Panel bans Tokyo university’s Japanese-only labor talks policy

TOKYO —

A labor panel ordered a Tokyo university Wednesday to not refuse to use English in negotiations with a foreign teachers’ labor union at its affiliated school.

Tokyo Gakugei University had notified the union at Tokyo Gakugei University International Secondary School that it would hold talks only if Japanese is used, said the Tokyo Metropolitan Government Labor Relations Commission.

The panel branded the policy an “unfair” labor practice and ordered the state-run university to correct it.

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Tozen Union Wins Precedent-Setting Negotiating Language Case Against Tokyo Gakugei University

The Tokyo Labor Relations Board on Wednesday ordered Tokyo Gakugei University to “engage in collective bargaining without insisting it be conducted in Japanese or that (the union) bring an interpreter.”

In the first case of its kind, Tozen Union and the TGUISS Teachers Union had sued the school for making negotiations in Japanese a condition of holding collective bargaining.
The university argued that talks should be in Japanese because “this is Japan” and that forcing management to negotiate in a foreign language would be an intolerable burden.

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Pop quiz: Which of these types of government worker has the right to strike — tax inspectors, schoolteachers, firefighters or public health workers? Answer: None of the above, thanks to an Occupation-era law designed to tamp down the influence of communism. | KYODO

The flip side of coveted public-sector jobs in Japan: fewer rights

I research labor law and teach it to university students. In the first class, I break up the two groups of labor laws — those related to individual and collective labor relations — for my students. Individual labor relations law begins and ends with the 1947 Labor Standards Act (rōdō kijun hō); its collective counterpart is surely the 1950 Trade Union Act (rōdō kumiai hō).

About 99.9 percent of my 18-20-year-olds look blank the first time they hear the word “rōdō kumiai,” or labor union. Some of them have arubaito (part-time jobs) and thus already have become rōdōsha (workers) protected by labor laws, but they have not heard of labor unions and have no idea what such a creature looks like. I have my work cut out trying to explain to them the concepts of labor unions, collective bargaining and striking.

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Lessons in Japan’s labor laws from striking NPB baseball stars and English teachers

Eleven years ago, baseball players walked off the field in protest for the first time in the seven-decade professional history of the game in Japan.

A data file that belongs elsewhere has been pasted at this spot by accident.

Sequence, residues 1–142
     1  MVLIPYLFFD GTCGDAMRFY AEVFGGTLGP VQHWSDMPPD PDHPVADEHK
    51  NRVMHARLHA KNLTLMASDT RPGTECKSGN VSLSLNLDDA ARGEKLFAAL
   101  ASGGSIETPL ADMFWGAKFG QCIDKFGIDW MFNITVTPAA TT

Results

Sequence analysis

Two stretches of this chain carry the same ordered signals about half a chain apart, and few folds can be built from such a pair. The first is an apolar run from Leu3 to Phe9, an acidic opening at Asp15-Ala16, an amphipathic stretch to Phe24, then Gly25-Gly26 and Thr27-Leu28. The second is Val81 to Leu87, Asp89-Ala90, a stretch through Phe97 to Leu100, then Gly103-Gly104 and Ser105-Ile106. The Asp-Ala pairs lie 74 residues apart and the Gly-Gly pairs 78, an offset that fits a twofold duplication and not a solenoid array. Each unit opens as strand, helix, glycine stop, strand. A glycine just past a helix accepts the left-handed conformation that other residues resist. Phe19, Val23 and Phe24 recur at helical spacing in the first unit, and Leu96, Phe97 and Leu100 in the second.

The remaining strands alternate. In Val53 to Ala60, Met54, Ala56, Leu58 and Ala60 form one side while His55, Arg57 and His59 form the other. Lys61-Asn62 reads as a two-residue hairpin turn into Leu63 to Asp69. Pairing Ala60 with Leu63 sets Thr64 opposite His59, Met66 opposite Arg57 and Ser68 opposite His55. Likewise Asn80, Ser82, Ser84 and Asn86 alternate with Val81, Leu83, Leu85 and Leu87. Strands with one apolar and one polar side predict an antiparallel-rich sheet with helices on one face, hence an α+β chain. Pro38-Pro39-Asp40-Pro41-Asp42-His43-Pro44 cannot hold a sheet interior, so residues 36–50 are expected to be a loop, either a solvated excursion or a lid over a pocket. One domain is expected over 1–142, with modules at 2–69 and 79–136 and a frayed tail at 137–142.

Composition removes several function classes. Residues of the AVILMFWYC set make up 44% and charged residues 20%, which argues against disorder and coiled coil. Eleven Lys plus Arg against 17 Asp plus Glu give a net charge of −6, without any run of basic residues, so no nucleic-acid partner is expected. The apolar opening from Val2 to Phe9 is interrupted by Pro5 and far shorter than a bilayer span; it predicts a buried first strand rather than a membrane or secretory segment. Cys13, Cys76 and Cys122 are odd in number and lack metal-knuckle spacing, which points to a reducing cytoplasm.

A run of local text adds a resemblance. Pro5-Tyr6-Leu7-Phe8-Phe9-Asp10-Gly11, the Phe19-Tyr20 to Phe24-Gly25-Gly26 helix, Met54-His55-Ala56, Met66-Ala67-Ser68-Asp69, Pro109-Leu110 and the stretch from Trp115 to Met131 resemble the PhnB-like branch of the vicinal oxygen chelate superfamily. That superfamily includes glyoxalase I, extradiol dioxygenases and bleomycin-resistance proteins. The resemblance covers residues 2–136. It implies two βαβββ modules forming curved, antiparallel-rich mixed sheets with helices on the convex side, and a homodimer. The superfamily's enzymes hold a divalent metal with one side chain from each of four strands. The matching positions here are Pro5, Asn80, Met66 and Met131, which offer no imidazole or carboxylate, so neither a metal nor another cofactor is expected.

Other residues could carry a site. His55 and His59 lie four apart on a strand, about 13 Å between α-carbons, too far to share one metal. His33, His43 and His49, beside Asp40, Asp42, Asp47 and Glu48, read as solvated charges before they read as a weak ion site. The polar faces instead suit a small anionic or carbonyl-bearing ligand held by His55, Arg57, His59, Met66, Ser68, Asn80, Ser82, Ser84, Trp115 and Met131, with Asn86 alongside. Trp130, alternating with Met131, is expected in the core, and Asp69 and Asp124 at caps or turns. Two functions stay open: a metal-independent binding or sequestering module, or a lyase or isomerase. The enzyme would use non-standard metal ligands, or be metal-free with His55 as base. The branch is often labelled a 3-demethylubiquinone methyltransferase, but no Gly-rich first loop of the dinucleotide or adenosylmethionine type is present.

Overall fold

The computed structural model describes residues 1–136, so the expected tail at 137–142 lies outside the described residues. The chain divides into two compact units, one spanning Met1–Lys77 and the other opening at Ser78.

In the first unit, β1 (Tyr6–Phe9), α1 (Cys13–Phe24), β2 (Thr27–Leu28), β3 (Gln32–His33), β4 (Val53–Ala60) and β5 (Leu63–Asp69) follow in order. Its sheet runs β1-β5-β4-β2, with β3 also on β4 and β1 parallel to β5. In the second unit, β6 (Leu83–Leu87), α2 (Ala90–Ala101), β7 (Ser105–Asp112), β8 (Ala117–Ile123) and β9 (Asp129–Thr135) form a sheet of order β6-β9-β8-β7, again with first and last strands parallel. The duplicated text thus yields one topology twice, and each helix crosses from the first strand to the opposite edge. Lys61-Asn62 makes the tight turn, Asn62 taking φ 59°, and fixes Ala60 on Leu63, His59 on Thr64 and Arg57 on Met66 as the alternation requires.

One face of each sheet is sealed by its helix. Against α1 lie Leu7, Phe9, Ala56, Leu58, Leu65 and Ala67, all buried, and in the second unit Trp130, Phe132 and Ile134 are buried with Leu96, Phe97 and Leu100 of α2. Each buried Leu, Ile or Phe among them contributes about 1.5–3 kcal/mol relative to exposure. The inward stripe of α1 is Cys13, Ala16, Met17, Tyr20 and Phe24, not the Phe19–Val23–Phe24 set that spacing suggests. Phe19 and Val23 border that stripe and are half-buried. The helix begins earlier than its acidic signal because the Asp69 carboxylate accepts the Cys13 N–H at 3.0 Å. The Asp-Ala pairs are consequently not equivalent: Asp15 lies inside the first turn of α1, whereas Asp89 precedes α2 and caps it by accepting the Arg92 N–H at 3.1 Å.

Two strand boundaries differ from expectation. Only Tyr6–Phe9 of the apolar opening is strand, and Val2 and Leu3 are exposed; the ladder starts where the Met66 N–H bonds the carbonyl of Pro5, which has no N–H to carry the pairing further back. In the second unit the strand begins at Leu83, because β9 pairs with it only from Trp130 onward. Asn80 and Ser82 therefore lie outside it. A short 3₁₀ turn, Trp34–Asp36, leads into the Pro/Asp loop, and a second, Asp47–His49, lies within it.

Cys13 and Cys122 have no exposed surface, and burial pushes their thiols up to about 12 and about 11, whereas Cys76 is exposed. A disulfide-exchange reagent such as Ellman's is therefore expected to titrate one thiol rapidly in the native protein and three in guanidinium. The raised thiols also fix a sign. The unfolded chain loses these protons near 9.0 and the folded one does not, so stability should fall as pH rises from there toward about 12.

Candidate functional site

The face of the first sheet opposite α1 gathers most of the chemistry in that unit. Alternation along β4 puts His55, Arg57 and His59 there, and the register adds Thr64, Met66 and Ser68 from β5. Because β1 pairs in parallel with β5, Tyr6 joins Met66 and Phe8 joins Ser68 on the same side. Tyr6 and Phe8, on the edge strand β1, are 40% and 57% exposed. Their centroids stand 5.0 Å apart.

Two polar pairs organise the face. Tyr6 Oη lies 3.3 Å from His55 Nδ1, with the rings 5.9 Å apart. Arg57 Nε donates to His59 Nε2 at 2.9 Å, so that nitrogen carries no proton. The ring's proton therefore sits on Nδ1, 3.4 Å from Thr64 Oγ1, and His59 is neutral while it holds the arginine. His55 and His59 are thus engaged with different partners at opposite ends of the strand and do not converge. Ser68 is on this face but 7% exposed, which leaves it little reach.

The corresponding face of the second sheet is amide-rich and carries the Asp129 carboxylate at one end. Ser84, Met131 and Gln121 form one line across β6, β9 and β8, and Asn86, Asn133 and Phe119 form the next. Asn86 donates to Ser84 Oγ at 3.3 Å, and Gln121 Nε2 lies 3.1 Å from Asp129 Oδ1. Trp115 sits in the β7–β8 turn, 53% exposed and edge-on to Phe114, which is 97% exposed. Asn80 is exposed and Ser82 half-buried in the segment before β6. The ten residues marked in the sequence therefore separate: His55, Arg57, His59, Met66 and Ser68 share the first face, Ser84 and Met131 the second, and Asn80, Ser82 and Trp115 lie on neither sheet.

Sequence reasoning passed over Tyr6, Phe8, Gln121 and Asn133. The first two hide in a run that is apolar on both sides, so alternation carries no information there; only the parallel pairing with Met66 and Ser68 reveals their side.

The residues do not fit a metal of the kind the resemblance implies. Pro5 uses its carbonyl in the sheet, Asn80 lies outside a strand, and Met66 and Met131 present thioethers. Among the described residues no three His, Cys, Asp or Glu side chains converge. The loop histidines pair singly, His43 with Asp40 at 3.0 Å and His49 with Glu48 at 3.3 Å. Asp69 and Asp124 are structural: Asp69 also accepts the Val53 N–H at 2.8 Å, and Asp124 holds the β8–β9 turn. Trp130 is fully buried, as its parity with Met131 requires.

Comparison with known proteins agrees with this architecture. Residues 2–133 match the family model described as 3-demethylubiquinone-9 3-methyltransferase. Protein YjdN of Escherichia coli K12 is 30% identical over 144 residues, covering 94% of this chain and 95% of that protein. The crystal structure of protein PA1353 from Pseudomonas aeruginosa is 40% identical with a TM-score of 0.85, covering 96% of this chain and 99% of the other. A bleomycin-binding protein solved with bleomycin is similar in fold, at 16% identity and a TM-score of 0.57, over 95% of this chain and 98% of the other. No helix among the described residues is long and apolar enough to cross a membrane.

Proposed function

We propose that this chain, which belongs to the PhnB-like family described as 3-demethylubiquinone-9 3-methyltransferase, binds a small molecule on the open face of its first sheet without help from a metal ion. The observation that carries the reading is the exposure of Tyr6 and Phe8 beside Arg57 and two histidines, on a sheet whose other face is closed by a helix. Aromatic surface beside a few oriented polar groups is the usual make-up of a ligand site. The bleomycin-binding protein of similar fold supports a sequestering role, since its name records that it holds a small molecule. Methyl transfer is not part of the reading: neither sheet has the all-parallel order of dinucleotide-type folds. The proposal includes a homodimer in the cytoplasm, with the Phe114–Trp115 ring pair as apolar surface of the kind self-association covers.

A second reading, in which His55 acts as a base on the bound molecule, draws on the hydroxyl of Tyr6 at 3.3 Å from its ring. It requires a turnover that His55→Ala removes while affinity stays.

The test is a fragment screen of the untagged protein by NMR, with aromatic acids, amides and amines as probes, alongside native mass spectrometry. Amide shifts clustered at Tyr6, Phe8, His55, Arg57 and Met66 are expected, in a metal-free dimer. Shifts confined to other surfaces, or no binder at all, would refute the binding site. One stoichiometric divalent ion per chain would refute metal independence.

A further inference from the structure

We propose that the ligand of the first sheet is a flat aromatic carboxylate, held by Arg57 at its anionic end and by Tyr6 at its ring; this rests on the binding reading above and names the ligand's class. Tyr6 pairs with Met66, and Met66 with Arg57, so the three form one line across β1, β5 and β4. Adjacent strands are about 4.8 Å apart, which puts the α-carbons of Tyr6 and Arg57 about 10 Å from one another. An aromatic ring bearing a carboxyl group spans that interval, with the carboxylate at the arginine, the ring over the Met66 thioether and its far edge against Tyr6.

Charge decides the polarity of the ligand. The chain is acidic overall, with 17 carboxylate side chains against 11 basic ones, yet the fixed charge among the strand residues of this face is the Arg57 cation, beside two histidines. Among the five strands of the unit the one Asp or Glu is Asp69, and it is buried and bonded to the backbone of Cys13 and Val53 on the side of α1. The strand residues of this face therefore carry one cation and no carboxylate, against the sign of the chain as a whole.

Owners wanted to consolidate two of the dozen pro teams, without offering a replacement. Players opposed the merger and were outraged that they had been kept out of the decision-making process. Atsuya Furuta of the Tokyo Yakult Swallows led collective bargaining on behalf of the Japan Professional Baseball Players Association union. Talks broke down and players struck six scheduled games over two days.

Players reached out to their fans with signing and photo events. Most fans sided with the striking players, but a vocal minority accused them of selfishness and having insulted their fans.

It always strikes me as odd how striking workers — rather than stubborn bosses — are often the ones accused of greed. The players did not take the decision to strike lightly; they had agonized over the decision and certainly were not taking their fans for granted. They made impassioned appeals to the fans that a strike was the only way they could save the wonderful spirit of the game.

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「戦争法案ゼッタイ反対!」とデモをする学生たちは就職できない?

2015年夏。戦後70年を迎えた日本。この節目の年に、安倍晋三総理大臣を中止とする政権与党は、現行憲法下で「集団的自衛権」の行使は可能と、従来の解釈を180度変更し、また、安保法案を与党の賛成多数で成立させた。

このような政府の武力行使への積極姿勢に対して多くのNOの声が巻き起こった。その声はやがて学生たちの自発的な行動につながっていった。なかでも大きなムーブメントを巻き起こしているのは「SEALDs」(シールズ:Students Emergency Action for Liberal Democracy – s)という団体である。「自由と平和と民主主義」を守るというモットーのもと、現在の日本政府の軍事化に反対を表明するために、全国各地の大学生たちを中心に結成された団体だ。

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Osaka’s General Union lands major court victory on Shakai Hoken

GU court victory against gov’t over insurance to have major impact

On 20 March at 13:25, the Tokyo District Court ruled on the case of a General Union member who sued the Japanese government in an important test case regarding eligibility for enrollment in the Employees Health and Pension Insurance (shakai hoken).
Read more at the GU website here.

空の労働者、JAL165名不当解雇の闘いに連帯を

~原告団長内田妙子さんインタビュー~

2010年大晦日。世間の多くの人びとは、慌ただしく新年を迎える準備をしながら、ワクワクと心躍らせていたことだろう。そんななか、日本屈指の航空会社、鶴のトレードマークで有名なJAL(日本航空)で働く165名の労働者らは、大晦日に会社からクビを切られた。パイロット81名と客室乗務員84名。長年、誇りと情熱をもって空の安全を守るために仕事に従事してきた彼らは、なぜ、大晦日に仕事を奪われなければならなかったのだろうか。

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Standing up to the country’s flagship carrier

Credibility of justice system in spotlight as highest court to make ruling on JAL layoffs
BY HIFUMI OKUNUKI

Kuala Lumpur, 1977. The rain came down in torrents. The control tower instructed pilots to circle the airport pending better weather. The pilots had the option to divert to a nearby airport where things were quieter. Japan Airlines (JAL) was pushing its employees to cut costs, and the pilot of JAL’s DC8-60 decided not to divert and to circle until the rain let up.

But the rain did not yield. The DC8-60 ran low on fuel and was forced to land come what may. Eight of the 10 crew and 26 of 29 passengers perished in the ensuing crash. This tragedy would inspire one JAL employee, Taeko Uchida, to get serious about union activism in a way that would decades later find her leading a legal and labor battle against Japan’s flagship carrier.

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Tozen Vlog for May 18, 2014

Tozen Vlog for April 8, 2014